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Proverbs (Part 001) - Introduction to the Book of Proverbs

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Proverbs

I. Introduction to the book of Proverbs
1. Reading the book of Proverbs is one of the most profitable uses of a Christian's time.
A. I have been reading a chapter of Proverbs each day for about 13 years.
B. I recommend that you do the same thing.
C. Proverbs has 31 chapters and most months have 30-31 days, so I recommend reading the chapter of Proverbs that corresponds to the day of the month everday.
2. The purpose of the book is to give the reader understanding, knowledge, wisdom, judgment, subtilty, and discretion (Pro 1:2-4).
3. It is written from a Father to a son (Solomon to his son, and God to us) (Pro 3:1; Pro 3:21; Pro 4:1; Pro 4:20; Pro 5:1; Pro 7:1).
4. The layout of the book
A. The first nine chapters of Proverbs exhort the reader of the necessity and benefits of getting wisdom.
B. After making a thorough and compelling case for getting wisdom in the first third of the book, Solomon begins the actual proverbs in chapter 10 (Pro 10:1).
5. What is a proverb?
A. Proverb n. - 1. a. A short pithy saying in common and recognized use; a concise sentence, often metaphorical or alliterative in form, which is held to express some truth ascertained by experience or observation and familiar to all; an adage, a wise saw.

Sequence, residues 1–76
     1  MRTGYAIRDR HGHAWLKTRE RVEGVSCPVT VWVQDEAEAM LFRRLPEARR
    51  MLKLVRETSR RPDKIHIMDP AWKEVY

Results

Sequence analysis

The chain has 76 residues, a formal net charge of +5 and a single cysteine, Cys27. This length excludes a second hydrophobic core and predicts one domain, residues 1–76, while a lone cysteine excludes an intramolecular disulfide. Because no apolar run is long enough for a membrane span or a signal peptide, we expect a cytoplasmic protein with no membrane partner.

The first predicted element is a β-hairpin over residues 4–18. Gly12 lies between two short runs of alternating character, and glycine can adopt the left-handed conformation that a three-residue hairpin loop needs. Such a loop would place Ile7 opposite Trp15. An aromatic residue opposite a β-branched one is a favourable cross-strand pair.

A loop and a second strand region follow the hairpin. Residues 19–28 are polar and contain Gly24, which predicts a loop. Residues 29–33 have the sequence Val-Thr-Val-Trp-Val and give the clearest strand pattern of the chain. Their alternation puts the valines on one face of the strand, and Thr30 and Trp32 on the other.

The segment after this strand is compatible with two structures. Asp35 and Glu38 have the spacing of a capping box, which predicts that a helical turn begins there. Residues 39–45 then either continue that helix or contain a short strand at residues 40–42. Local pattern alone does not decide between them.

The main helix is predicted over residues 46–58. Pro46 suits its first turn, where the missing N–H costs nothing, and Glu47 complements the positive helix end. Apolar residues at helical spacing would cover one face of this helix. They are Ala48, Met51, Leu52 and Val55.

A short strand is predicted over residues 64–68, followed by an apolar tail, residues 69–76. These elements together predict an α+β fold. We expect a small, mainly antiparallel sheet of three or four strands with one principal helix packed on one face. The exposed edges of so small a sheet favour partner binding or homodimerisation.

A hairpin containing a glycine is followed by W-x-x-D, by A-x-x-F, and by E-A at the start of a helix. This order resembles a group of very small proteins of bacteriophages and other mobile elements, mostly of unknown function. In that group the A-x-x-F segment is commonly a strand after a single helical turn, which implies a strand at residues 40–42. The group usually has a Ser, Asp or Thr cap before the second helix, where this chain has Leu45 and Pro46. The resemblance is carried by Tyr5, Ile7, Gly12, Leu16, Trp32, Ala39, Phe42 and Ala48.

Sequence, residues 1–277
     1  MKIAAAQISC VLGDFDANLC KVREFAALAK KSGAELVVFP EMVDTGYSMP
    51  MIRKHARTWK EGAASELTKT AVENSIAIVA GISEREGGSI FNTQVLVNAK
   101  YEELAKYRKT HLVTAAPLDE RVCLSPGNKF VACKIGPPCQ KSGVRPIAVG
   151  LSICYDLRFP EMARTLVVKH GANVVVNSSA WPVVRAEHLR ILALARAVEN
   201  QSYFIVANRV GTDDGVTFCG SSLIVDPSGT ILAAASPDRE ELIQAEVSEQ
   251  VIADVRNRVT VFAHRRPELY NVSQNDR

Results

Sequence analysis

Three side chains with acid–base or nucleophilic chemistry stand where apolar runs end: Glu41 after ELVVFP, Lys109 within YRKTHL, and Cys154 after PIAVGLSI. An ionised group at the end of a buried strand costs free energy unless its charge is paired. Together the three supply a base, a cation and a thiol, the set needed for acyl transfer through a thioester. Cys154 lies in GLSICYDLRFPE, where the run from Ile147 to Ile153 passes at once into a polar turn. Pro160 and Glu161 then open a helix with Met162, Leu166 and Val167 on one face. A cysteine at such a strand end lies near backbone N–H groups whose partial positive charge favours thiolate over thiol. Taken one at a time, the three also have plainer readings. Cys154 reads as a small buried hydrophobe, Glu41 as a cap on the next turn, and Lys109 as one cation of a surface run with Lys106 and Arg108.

B. In other words, a proverb is a short saying based on observation and experience.
C. A proverb by its nature is not necessarily a promise or an infallible decree from God.
i. Proverbs by definition are common sayings about things that generally and normally hold true, but all of them do not always hold true.
ii. For example, Jesus Christ's ways always pleased the Lord (Joh 8:29), but His enemies were not always at peace with Him (Pro 16:7).
D. Usually, though, the wisdom contained in the Proverbs will hold true in life.
6. The themes of the book
A. Wisdom
i. The foremost theme in the book of Proverbs is to "get wisdom" (Pro 4:5; Pro 4:7: Pro 16:16), which is "the principal thing" (Pro 4:7).
a. Wisdom n. - 1. a. Capacity of judging rightly in matters relating to life and conduct; soundness of judgement in the choice of means and ends; sometimes, less strictly, sound sense, esp. in practical affairs: opp. to folly.
b. Principal - adj. 1. First or highest in rank or importance; that is at the head of all the rest; of the greatest account or value; foremost: = chief
ii. Wisdom and its cognates wise, wiser, and wisely are used 125 times in the book of Proverbs.
B. Knowledge
i. The book of Proverbs tells us to receive knowledge (Pro 8:10).
ii. In order to judge rightly in matters relating to life and conduct, a man must first have the pertinent facts in his mind, which is knowledge.
iii. Knowledge n. - II. Senses derived from the verb know, in its later uses. 5. a. The fact of knowing a thing, state, etc., or (in general sense) a person; acquaintance; familiarity gained by experience. 8. a. Acquaintance with a fact; perception, or certain information of, a fact or matter; state of being aware or informed; consciousness (of anything).
iv. Knowledge and its cognates know, knoweth, knowest, and known are found 66 times in Proverbs.
C. Understanding
i. The book of Proverbs exhorts us to get understanding (Pro 4:5).